Movie Review: “Sinister”

A scary suburban house, a mysterious box of murder films, a masked killer, Pretzel M&Ms: what could make for a scarier movie experience, you may ask? It was all based on a true story.

Just kidding.

If Sinister was based on real events, the Sentinel staff would be spending the majority of our time boarding up the non-bulletproof glass walls of our meeting space and stocking up on supplies stolen from FLIK’s storeroom. There is nothing hyperbolic about it: Sinister is freakin’ terrifying — not “finding a spider in your shoe” kind of terrifying, but “finding out that the spider has just tied up and eaten your family and has been waiting for you to come home” kind of terrifying. (Also the spider is just a baby and the mother is in your bed and all of this is happening after you went to school naked and called the teacher “mom.”)

The terrifying promotional poster for Sinister.

Now multiply that by a thousand. The result is a frightening psychological thrill ride that will make you never want to go outside at night EVER again. In short, the result is Sinister.

It is very difficult to follow the plotline of the film from the vantage point of being huddled over the seat in front of you praying that it will stop being nighttime and the protagonists will stop going into the attic, but here is what I was able to determine through my tears: Sinister chronicles the life of a down-on-his-luck, non-fiction mystery writer and his family, who, unbeknownst to the writer’s annoying Australian wife, have moved into a house where a family was hung from a tree.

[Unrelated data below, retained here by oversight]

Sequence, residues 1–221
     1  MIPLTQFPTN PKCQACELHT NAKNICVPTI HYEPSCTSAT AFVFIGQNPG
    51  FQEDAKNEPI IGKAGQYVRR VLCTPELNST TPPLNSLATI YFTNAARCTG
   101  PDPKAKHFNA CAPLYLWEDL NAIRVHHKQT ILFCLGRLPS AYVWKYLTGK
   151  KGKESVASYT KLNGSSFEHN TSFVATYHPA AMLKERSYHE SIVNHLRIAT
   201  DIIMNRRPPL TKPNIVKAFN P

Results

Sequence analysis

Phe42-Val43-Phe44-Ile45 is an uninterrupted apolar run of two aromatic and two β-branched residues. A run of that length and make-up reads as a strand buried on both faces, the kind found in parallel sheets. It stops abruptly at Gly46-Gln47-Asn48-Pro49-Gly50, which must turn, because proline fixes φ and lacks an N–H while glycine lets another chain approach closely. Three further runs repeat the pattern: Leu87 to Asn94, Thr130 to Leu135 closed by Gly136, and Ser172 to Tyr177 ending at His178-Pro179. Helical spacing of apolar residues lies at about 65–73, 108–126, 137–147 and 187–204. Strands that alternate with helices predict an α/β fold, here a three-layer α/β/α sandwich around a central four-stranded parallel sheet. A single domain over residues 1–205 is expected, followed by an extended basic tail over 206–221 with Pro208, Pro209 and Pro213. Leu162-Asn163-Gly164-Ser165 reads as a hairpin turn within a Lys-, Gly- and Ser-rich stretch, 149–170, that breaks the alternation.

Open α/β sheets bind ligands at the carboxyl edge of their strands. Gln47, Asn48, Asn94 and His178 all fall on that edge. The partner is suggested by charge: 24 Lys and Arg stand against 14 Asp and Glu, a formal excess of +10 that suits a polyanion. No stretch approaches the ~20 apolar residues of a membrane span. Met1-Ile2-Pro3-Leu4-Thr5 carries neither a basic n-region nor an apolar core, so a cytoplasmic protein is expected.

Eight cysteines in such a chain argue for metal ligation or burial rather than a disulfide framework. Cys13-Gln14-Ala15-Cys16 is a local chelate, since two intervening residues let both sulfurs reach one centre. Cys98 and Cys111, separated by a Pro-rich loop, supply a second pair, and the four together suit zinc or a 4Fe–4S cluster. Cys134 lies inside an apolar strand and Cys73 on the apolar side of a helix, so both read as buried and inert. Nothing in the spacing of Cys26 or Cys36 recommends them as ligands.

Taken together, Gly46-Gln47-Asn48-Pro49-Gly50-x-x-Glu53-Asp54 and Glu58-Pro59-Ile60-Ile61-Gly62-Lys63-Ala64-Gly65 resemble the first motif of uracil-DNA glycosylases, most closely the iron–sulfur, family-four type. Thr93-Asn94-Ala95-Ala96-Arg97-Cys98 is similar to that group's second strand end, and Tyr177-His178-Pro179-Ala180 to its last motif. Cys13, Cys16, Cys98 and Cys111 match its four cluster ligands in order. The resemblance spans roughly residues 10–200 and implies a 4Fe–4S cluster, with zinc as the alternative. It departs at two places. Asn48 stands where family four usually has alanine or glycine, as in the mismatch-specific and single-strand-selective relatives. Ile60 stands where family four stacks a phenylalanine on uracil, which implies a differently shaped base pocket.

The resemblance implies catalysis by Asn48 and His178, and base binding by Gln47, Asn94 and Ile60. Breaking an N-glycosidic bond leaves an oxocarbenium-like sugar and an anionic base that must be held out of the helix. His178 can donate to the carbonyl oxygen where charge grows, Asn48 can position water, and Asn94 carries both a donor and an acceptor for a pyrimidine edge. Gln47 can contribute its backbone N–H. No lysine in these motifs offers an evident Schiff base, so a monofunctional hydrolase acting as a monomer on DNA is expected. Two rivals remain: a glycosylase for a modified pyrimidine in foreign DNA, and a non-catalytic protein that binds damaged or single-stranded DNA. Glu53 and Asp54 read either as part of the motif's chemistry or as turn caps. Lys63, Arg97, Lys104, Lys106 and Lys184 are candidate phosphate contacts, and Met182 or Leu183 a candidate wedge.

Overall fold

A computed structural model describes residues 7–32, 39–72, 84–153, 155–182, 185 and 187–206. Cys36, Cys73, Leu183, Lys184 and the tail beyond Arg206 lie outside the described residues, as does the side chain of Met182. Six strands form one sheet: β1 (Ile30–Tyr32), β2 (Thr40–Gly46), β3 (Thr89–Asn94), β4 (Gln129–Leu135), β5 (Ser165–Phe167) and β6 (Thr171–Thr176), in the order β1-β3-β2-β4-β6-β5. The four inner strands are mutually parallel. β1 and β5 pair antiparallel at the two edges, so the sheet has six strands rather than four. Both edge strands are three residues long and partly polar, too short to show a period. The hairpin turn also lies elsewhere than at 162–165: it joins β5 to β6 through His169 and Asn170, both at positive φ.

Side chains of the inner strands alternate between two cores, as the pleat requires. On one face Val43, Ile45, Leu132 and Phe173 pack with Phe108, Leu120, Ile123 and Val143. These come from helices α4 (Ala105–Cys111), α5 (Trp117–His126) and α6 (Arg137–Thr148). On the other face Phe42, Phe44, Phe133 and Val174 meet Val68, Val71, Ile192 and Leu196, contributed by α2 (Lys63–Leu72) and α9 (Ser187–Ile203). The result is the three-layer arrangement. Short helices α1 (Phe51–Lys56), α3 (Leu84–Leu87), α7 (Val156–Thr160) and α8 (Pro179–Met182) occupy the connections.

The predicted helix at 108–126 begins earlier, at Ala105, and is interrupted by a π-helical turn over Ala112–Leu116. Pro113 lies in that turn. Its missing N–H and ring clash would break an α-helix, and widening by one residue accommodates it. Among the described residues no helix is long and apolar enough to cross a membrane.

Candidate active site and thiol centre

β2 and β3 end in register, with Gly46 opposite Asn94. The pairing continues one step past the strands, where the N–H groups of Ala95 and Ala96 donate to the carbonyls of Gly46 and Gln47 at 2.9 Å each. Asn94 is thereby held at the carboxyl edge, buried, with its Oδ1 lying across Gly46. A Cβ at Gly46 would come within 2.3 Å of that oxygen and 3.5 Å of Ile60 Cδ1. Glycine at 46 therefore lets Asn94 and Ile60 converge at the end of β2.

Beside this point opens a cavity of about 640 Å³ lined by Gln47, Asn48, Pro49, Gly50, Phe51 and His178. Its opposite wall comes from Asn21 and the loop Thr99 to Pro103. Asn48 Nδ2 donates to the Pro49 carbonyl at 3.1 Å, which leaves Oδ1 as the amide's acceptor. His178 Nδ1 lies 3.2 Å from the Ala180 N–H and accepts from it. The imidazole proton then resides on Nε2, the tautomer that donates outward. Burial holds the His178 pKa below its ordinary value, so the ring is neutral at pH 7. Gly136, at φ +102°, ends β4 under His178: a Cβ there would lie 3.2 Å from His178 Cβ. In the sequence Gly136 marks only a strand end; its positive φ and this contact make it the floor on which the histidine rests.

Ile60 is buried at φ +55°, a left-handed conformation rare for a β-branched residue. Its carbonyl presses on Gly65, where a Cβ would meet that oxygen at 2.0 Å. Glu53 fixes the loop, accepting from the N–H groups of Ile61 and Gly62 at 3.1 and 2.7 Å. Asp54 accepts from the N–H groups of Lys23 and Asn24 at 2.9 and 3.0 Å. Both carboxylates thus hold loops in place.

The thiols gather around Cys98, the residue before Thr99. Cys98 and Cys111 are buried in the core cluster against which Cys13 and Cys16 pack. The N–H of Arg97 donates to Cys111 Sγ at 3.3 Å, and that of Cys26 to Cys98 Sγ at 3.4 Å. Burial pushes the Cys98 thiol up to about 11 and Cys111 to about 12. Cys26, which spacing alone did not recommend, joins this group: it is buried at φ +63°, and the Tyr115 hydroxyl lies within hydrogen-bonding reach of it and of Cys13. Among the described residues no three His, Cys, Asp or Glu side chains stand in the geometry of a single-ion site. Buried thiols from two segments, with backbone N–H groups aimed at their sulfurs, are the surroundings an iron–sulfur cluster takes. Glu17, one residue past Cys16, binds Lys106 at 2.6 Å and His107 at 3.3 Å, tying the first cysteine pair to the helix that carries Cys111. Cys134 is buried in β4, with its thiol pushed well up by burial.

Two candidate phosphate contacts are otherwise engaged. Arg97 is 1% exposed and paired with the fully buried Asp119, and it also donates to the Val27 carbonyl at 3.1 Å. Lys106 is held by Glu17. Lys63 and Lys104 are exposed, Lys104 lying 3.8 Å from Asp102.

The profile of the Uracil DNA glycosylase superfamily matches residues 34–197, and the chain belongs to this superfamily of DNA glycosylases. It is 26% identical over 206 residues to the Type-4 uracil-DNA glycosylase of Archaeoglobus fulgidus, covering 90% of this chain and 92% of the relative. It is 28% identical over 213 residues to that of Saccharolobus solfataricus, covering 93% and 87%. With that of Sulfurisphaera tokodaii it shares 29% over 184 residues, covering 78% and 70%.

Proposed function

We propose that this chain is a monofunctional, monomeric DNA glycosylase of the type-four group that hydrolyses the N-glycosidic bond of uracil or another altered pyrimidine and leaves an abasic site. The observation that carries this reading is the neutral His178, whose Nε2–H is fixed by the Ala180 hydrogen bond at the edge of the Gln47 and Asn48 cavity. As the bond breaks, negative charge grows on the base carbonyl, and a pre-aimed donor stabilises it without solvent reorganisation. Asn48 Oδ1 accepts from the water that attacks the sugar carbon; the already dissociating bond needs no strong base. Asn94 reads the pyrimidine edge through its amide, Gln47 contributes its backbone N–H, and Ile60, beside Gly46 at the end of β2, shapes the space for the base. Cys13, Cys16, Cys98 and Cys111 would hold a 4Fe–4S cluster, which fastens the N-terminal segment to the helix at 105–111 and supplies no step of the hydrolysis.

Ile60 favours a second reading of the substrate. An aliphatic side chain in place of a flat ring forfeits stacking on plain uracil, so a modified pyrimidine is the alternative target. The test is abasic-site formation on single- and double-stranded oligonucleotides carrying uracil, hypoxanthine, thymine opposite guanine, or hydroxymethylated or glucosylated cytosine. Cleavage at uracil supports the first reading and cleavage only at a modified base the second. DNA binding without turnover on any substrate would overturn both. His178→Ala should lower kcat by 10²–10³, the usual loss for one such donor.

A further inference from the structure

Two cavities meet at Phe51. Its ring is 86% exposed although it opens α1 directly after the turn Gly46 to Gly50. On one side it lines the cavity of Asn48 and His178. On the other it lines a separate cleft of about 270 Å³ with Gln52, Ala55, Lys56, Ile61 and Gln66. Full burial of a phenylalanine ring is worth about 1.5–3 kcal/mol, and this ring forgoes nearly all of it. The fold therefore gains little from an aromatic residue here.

The writer has previously published a novel about notable unsolved crimes and in doing so has alienated the police, whom he constantly fears calling even when there is overwhelming evidence that there is a masked killer in his house.

Wishing to finally pen the bestseller that will get him and his family out of a murder-house and into any place safer (such as a meth lab or the tiger cage at the zoo), the protagonist continues to delve deeper into the mystery of the past inhabitants of the house. The movie then proceeds into cliché, as the character’s investigation soon leads to him being a target himself. The plot continues on with some scary pop-out or what-are-you-doing-with-that-lawn-mower moments added, just in case any of the audience members were planning on sleeping at all for the next couple weeks.

In conclusion, those animated dancing popcorn bags and jubilant soda cups who say that “the movies are great for families, bring your kids” are dirty liars. If you ever want to be able to walk past a bush or around a corner without cringing in fear, then please don’t see this movie. You have been warned.

— Ian Corbet, Just 4 Fun Correspondent

Posted by on October 23, 2012. Filed under Arts. You can follow any responses to this entry through the RSS 2.0. You can leave a response or trackback to this entry

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